Page:The Works of Lord Byron (ed. Coleridge, Prothero) - Volume 2.djvu/169

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CANTO II.]
135
CHILDE HAROLD’S PILGRIMAGE.

LVI.

He passed the sacred Haram's silent tower,
And underneath the wide o'erarching gate
Surveyed the dwelling of this Chief of power,
Where all around proclaimed his high estate.
Amidst no common pomp the Despot sate,
While busy preparation shook the court,
Slaves, eunuchs, soldiers, guests, and santons[1] wait;[2]
Within, a palace, and without, a fort:
Here men of every clime appear to make resort.


LVII.

Richly caparisoned, a ready row
Of arméd horse, and many a warlike store,
Circled the wide-extending court below;
Above, strange groups adorned the corridore;
And oft-times through the area's echoing door
Some high-capped Tartar spurred his steed away:
The Turk—the Greek—the Albanian—and the Moor,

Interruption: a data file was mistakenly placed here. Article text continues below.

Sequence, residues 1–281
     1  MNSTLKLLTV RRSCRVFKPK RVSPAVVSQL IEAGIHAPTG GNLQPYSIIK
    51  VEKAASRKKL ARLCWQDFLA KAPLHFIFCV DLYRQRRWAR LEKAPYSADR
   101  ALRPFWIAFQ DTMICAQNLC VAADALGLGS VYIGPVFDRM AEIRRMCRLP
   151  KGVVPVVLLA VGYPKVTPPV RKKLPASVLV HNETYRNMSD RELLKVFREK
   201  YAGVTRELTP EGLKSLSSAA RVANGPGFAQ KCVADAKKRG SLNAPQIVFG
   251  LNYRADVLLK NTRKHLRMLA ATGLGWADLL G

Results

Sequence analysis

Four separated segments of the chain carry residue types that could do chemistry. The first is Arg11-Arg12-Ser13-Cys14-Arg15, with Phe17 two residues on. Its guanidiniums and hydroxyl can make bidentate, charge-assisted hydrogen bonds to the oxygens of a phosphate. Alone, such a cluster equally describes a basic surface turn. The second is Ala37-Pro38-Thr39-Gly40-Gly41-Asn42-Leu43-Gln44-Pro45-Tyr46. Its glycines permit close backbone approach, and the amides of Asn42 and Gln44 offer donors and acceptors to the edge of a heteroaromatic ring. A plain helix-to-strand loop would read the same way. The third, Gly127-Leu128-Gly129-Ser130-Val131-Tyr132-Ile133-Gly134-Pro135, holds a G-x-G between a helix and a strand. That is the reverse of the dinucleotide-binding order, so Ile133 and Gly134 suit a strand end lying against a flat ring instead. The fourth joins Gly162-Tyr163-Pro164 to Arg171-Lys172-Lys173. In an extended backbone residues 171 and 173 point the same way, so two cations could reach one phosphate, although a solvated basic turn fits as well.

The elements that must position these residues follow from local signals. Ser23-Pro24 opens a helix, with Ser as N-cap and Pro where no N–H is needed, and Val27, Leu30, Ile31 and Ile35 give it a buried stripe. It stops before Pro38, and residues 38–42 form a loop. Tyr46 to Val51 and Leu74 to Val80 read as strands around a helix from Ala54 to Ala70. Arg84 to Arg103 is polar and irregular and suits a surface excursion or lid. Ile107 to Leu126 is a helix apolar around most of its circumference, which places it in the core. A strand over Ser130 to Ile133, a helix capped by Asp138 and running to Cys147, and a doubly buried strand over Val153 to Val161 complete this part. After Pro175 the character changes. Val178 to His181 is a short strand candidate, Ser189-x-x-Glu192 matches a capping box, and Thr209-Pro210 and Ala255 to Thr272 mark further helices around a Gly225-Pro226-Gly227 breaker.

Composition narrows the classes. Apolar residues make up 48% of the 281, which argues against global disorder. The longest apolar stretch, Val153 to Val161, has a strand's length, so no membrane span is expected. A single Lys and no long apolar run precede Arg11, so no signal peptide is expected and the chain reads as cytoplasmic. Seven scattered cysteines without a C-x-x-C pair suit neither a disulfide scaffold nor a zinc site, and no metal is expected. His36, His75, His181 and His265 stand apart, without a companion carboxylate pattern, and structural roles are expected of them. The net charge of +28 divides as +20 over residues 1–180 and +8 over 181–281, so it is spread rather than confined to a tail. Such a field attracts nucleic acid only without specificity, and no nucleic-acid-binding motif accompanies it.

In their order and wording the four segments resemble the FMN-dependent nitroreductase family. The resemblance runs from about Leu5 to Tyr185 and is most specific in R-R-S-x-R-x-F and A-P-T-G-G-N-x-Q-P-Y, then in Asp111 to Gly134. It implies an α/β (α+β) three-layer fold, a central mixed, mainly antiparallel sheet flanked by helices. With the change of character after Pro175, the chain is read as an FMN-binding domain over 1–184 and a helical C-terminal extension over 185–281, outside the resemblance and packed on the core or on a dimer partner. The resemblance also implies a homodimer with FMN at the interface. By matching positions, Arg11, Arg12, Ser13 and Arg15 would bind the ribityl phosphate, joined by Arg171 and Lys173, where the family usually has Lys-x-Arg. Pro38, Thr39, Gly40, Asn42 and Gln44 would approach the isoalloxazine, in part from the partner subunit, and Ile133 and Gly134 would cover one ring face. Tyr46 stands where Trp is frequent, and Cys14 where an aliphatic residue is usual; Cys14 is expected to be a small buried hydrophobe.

Here mingled in their many-hued array,
While the deep war-drum's sound announced the close of day.[3]


    are numerous, they resemble a swarm of fireflies."—H. F. Tozer. (Compare The Giaour, i. 449-452—

    "When Rhamazan's last sun was set,
    And flashing from each minaret.
    Millions of lamps proclaimed the feast
    Of Bairam through the boundless East.")]

  1. ["A kind of dervish or recluse ... regarded as a saint."—Cent. Dict., art. "Santon."]
  2. —— guests and vassals wait.—[MS. erased.]
  3. While the deep Tocsin's sound ——.—[MS. D. erased.]